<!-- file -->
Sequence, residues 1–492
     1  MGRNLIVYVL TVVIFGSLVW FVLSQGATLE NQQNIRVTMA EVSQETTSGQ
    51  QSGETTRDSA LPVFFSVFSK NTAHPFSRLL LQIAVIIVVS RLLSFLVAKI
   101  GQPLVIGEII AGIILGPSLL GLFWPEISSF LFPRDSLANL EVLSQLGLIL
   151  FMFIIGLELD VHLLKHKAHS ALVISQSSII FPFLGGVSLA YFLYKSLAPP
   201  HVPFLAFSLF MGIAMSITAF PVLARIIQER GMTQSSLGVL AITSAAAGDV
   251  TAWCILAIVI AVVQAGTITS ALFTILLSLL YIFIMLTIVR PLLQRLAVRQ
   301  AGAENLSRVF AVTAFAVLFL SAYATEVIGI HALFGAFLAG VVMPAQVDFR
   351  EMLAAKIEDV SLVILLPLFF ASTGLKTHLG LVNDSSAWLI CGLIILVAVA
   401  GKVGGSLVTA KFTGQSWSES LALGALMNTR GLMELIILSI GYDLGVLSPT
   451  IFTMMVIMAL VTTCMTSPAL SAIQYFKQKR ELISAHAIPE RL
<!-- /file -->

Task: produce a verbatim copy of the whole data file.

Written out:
Sequence, residues 1–492
     1  MGRNLIVYVL TVVIFGSLVW FVLSQGATLE NQQNIRVTMA EVSQETTSGQ
    51  QSGETTRDSA LPVFFSVFSK NTAHPFSRLL LQIAVIIVVS RLLSFLVAKI
   101  GQPLVIGEII AGIILGPSLL GLFWPEISSF LFPRDSLANL EVLSQLGLIL
   151  FMFIIGLELD VHLLKHKAHS ALVISQSSII FPFLGGVSLA YFLYKSLAPP
   201  HVPFLAFSLF MGIAMSITAF PVLARIIQER GMTQSSLGVL AITSAAAGDV
   251  TAWCILAIVI AVVQAGTITS ALFTILLSLL YIFIMLTIVR PLLQRLAVRQ
   301  AGAENLSRVF AVTAFAVLFL SAYATEVIGI HALFGAFLAG VVMPAQVDFR
   351  EMLAAKIEDV SLVILLPLFF ASTGLKTHLG LVNDSSAWLI CGLIILVAVA
   401  GKVGGSLVTA KFTGQSWSES LALGALMNTR GLMELIILSI GYDLGVLSPT
   451  IFTMMVIMAL VTTCMTSPAL SAIQYFKQKR ELISAHAIPE RL